Autoimmune lymphoproliferative syndrome (ALPS) in a patient with a new germline Fas gene mutation.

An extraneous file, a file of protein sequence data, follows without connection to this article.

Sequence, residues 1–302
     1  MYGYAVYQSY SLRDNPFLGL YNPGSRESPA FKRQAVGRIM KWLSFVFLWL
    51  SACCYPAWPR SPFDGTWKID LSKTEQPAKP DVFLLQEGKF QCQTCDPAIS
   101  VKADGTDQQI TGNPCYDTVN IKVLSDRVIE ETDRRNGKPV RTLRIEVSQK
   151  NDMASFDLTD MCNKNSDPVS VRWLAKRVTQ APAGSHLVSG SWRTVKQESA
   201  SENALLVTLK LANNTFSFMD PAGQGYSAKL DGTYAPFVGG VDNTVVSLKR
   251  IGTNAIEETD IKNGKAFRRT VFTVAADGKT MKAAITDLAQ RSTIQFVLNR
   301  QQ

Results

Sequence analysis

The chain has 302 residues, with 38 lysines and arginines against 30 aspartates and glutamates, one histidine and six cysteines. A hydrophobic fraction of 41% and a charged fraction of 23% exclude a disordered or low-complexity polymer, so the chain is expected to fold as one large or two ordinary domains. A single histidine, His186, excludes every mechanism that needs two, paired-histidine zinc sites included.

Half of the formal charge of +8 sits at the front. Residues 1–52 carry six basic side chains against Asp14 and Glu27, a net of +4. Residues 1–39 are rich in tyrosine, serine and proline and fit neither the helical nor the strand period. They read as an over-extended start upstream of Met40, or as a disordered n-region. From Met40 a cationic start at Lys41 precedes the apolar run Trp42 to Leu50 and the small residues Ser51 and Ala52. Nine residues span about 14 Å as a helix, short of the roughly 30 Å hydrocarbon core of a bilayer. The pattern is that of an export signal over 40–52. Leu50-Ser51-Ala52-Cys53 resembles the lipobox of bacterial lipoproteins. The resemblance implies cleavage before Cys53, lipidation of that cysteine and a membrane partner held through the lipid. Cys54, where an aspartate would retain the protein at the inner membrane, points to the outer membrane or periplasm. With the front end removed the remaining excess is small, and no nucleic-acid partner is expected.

Autoimmune lymphoproliferative syndrome (ALPS) is a rare genetic disorder characterized by chronic lymphoproliferation, autoimmune manifestations and expansion of TCRalphabeta+CD4-CD8-lymphocytes. The main pathogenic factor is a defective Fas-mediated apoptosis generally caused by mutations in the Fas gene. This report describes a new heterozygous Fas gene mutation in a boy with clinical and immunological features of ALPS. In vitro, T-cell blasts from the patient are completely resistant to the effects on the anti-Fas cytotoxic mAb CH-11, they also have a higher proliferation rate than T cells from healthy donors, while PHA-induced AICD is normal. The location of the mutation (I246S) found in the intracytoplasmic death domain, and the conservation of that residue in four different species from human suggest that I246 is an essential amino acid for Fas function. The patient has inherited the mutation from his father who also shows defective Fas-mediated apoptosis but the clinical and immunological manifestations are much less severe. These results provide evidence that the penetrance of genetic defects in Fas is variable and that other factors may influence the phenotype of the disease.